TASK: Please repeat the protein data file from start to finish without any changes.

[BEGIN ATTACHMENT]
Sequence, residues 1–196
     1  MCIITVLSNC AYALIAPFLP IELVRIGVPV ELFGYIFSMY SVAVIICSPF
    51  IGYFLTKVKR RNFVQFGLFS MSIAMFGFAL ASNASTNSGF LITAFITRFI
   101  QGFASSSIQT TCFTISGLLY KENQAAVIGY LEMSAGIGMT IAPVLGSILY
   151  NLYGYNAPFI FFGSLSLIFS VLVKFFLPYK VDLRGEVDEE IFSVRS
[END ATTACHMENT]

Sequence, residues 1–196
     1  MCIITVLSNC AYALIAPFLP IELVRIGVPV ELFGYIFSMY SVAVIICSPF
    51  IGYFLTKVKR RNFVQFGLFS MSIAMFGFAL ASNASTNSGF LITAFITRFI
   101  QGFASSSIQT TCFTISGLLY KENQAAVIGY LEMSAGIGMT IAPVLGSILY
   151  NLYGYNAPFI FFGSLSLIFS VLVKFFLPYK VDLRGEVDEE IFSVRS